Monday, October 8, 2007

A Different Kind of Beauty by Sylvia McNicoll

Not many posts lately as I have spent so much time touring. Aside from judging a writing contest for the Canadian Children’s Book Centre, hosting our speaker for the last Children’s Literature Roundtable meeting of the year, and, of course, writing, I am not busy. Can’t even garden since everything is covered in at least a foot of snow; yes this is the West Coast! So, I hope to catch up on my reading and book blogging..

I did manage to read Sylvia McNicoll’s A Different Kind of Beauty but haven’t had time to write about it until now. It is apparently a sequel to Bringing Up Beauty, which was published in 1999 and won both the Manitoba and Ontario’s Readers’ Choice Awards.

A Different Kind of Beauty has two narrators. The story begins with Liz who is fostering a lab for the Lions Foundation who trains dogs for the visually impaired. Beauty is the second dog that Liz’s has fostered and this time she is determined not to have her heart broken when it’s time to give the dog up. The turmoil of a pregnant older sister who has moved back home to get away from her abusive fiancĂ©, and an ex-boyfriend who sends mixed messages melt her resolve to keep Beauty at arm’s length. When Beauty turns out to be terrified of sudden loud noises, Liz can’t hold back. She has to give Beauty her all even if it means breaking her heart again.

Kyle is the second narrator, and his story begins in Hawaii where surf, sand and are a teenager’s dream come true. The dream is a far cry from reality though as this visit is about Kyle’s grandmother teaching him how to better control his diabetes. Unfortunately, it is also the beginning of one of the devastating symptoms of diabetes; blindness. Kyle does not adjust well to his new situation made worse when his girlfriend back home dumps him. Terrified of dogs, he resents his dependency on his family who would rather he got a guide dog. Arrogance combined with using his blindness to ‘get girls’ and buy alcohol are balanced by a vulnerability that is heart-breaking as when Kyle is abandoned by high school acquaintances in the bathroom of the mall. He takes risks as most teenagers do; but for a blind teenager with diabetes those risks can and nearly are fatal.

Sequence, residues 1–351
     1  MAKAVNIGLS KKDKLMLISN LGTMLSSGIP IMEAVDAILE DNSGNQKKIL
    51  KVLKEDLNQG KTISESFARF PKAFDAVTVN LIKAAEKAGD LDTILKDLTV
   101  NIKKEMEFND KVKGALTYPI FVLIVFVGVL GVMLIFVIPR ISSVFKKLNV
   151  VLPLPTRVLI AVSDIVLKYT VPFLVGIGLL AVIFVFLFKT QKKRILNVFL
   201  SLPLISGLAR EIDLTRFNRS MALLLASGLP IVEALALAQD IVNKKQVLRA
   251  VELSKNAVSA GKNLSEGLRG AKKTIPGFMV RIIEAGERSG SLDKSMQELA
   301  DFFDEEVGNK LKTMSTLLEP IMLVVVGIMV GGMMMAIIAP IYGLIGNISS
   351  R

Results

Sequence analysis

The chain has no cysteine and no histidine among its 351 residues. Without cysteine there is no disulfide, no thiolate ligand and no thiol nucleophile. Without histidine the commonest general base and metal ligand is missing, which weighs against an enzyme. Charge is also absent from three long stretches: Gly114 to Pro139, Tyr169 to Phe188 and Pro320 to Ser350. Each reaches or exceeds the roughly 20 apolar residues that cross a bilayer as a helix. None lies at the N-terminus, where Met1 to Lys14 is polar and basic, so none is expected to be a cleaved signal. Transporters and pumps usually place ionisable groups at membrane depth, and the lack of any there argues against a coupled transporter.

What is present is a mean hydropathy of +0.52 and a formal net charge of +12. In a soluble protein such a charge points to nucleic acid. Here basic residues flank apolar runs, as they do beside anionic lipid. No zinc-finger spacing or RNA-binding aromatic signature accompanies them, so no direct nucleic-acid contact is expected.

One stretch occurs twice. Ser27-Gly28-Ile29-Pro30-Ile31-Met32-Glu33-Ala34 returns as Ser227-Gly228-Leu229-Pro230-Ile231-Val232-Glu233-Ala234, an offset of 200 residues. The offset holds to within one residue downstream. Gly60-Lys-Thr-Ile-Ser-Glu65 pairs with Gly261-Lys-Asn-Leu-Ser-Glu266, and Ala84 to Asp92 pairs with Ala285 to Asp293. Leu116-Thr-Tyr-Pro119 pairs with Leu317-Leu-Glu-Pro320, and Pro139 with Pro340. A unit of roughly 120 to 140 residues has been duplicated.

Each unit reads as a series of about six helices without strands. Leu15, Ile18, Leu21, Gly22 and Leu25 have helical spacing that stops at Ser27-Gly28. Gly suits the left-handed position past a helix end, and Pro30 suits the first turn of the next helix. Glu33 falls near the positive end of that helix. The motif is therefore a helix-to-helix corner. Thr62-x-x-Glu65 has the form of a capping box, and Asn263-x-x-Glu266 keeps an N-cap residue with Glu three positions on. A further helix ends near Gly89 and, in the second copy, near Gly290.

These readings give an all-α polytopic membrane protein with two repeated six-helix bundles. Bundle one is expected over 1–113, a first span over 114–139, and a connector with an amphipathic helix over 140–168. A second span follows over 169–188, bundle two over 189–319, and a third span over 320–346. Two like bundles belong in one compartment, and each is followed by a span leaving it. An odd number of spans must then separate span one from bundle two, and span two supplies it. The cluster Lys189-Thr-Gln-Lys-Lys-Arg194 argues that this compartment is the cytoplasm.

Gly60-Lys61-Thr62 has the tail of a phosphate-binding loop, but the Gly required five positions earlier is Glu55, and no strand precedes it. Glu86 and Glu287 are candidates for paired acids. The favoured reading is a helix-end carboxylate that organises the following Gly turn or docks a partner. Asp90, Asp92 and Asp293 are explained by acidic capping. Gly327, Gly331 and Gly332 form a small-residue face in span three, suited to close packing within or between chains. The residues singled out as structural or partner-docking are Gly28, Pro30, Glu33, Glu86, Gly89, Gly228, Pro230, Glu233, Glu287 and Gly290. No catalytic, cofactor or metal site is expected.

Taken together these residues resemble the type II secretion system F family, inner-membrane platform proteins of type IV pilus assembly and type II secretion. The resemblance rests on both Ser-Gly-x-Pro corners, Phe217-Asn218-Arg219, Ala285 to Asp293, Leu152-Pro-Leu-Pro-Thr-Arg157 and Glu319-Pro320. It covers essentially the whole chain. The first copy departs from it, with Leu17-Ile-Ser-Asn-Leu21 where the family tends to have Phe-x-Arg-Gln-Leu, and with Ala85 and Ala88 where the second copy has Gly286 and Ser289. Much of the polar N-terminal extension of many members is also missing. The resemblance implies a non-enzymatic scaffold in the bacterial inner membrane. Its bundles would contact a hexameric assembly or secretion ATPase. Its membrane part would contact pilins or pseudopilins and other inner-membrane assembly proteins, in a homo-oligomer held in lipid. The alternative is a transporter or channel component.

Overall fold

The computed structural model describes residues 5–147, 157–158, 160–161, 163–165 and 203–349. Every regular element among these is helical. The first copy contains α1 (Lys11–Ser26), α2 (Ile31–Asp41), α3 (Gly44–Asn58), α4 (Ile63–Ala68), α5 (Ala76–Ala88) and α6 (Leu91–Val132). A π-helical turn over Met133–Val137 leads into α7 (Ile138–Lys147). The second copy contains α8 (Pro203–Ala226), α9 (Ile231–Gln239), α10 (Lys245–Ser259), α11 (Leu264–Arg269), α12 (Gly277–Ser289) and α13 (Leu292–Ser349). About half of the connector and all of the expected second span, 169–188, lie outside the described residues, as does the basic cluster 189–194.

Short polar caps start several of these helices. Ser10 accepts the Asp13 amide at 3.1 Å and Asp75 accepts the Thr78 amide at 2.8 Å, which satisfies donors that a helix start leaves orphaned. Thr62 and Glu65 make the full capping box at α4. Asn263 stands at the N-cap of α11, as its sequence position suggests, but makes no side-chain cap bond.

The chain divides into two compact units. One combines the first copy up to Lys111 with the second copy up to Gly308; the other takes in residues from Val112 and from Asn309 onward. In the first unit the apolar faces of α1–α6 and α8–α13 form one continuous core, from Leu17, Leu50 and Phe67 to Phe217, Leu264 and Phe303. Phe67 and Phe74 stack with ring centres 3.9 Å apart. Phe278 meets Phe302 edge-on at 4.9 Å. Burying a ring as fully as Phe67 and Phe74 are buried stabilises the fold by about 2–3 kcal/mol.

Kyle and Liz cross paths on several occasions, but it takes loss and Beauty to bridge their differences. McNicoll skillfully weaves their tales together without being predictable. I liked the fact that there were no pat solutions, only real characters with real lives that involved real problems. Secondary characters were just as well developed and believable. I haven’t’ read McNicoll’s earlier book, but I’ll definitely put it on my list.

No comments: